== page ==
It is indeed great news when an Indian corporation achieves a billion dollar turnover, but the same news gets bigger and in itself becomes a reason for celebration if it is Gujarat Cooperative Milk Marketing Federation (GCMMF: an apex body of 13 milk co-operatives), more popularly known as Amul – The Taste of India. Yes! The federation has crossed the coveted billion dollar mark in the current financial year, 2006-07. What makes this achievement special is that unlike any other corporation where the benefits of this kind of achievement accrue to its promoters and shareholders, in the case of GCMMF, it accrues to the most neglected and the majority stakeholder of our economy, i.e., the Indian farmer! Of course, there is more than one reason why the success of GCMMF is both unique and critical, particularly in the Indian environment. In a country where farmers have been the most neglected stakeholders, GCMMF has shown how, with the right intent and vision, a farmer cooperative can function like any other professionally run corporation, compete in this fiercely competitive FMCG market, keep operational costs low, and yet succeed and set up an example, which is completely unheard of. The federation’s success also goes on to show how – in a country where ageless apathy of the Indian farmer is a reality and none, including the government, has bothered to make them partners of growth and success – an organization solely run by farmers can not only sustain but also succeed and plan to achieve more, making life more meaningful for the staggering 26 lakh farmers associated with it. At a point in time where farmer suicides across the nation is a regular feature, and adding to their apathy is the current spree of land grabbing, GCMMF’s achievement indicates that in this market economy too, it is possible to build a humane organisation and take development to the last level of the social hierarchy. Truly, GCMMF – a co-operative revolution that was envisaged by Sardar Vallabh Bhai Patel in 1946 – has come a long way. With humble beginnings with two cooperatives and 250 litres of milk procurement per day, it has grown to 13 cooperatives and an average of an incredible 6.75 million kilograms of milk procurement per day. In fact, the entire credit of making India the largest producer of milk (from a milk deficit nation, if one remembers) goes to this organisation and its iconoclastic leader, Varghese Kurien (also known as the father of this white revolution), who gave birth to the brand Amul. India, as such, has one of the largest livestock in the world with 16% of the world’s cattle, 57% of buffaloes, 17% of goats and 5% of sheep. But what is close to miraculous is the federation’s brilliant success in converting this livestock advantage and translating the same to thousands of farming households in Gujarat. And by doing so, they have been able to productively engage the rural poor and thus create an impact in their overall socio-economic condition. The impact of the federation has been such that studies have proved that the general standard of living and quality of life of associated farmers are remarkably better when compared to other regions in the country. Among other things, another notable aspect of GCMMF is their success in one of the most ‘relinquished’ sectors of our economy, namely agriculture. At a period where the capital formation in agriculture has been constantly shrinking, what with investments from both government and corporations not forthcoming, and even global markets, particularly the developed ones, leaving no stone unturned to protect their farmers, the federation has successfully shown that it (aka, agriculture) is not only prudent business, but a hugely profitable one for that matter. Almost a decade back in one of my books, ‘Planning India’, I had proved why it makes economic sense to invest in agriculture and allied industries particularly in the Indian environment. The argument went – and holds more strongly now – that not only do we have a rural advantage (as a majority of our population is based in rural hinterlands, ergo, providing productive engagement becomes easier), but also that agriculture and allied industries have a relatively much lower incremental-capital-output ratio as compared to other industries, whereby returns could be generated even with relatively smaller dosage of investments, provided products are of quality and marketed well. But thanks to our government, we have completely failed in nurturing this advantage. Forget nurturing the agri-advantage, what has been most unfortunate is the kind of pathetic market environment that has been created, whereby half a litre of sweetened water in a pet bottle sells for Rs.20, but for a litre of milk, consumers nonchalantly bargain even to pay even Rs. 18. All that apart, what Amul has done is something that is completely irreplaceable and irrevocable, and that is that it has won the trust of consumers. In a country where this factor is grossly deficient, Amul has given us the same in abundance. And that is why when Amul achieves, it is not just an organisation’s achievement, or even the achievement of those 26 lac associated farmers, but truly, a national achievement! The taste of India? Oh yes...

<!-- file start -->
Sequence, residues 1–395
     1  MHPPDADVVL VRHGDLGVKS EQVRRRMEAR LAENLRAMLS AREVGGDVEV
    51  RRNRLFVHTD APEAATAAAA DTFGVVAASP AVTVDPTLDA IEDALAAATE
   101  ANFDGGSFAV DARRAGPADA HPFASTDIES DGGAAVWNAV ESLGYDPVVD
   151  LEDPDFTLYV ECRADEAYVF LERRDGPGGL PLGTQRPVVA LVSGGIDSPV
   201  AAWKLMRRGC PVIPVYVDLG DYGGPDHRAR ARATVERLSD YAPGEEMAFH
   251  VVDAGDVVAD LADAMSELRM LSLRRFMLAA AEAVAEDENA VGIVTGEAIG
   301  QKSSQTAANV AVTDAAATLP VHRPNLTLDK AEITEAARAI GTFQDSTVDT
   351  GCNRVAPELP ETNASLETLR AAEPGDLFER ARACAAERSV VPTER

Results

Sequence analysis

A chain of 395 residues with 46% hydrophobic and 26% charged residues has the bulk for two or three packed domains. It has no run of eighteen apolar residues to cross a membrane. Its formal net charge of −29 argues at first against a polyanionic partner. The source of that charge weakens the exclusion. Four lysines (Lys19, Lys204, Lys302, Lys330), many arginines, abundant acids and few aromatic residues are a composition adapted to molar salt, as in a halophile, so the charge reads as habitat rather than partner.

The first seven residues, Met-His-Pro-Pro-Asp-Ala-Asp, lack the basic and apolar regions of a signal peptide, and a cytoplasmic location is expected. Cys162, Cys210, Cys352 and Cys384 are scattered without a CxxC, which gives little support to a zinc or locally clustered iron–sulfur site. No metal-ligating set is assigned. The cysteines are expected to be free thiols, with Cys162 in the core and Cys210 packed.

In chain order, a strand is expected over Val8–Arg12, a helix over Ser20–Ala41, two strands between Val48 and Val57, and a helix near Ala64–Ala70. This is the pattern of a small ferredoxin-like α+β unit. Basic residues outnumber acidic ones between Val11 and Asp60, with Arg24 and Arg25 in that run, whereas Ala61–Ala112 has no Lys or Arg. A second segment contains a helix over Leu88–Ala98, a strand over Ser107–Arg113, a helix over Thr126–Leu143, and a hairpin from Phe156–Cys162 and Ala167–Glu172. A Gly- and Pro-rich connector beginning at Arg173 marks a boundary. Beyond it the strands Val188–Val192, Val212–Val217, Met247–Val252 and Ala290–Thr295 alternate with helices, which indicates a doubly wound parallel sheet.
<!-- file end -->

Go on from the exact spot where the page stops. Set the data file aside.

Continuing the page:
- 01 July 2007 |
- Arindam on Indian Economy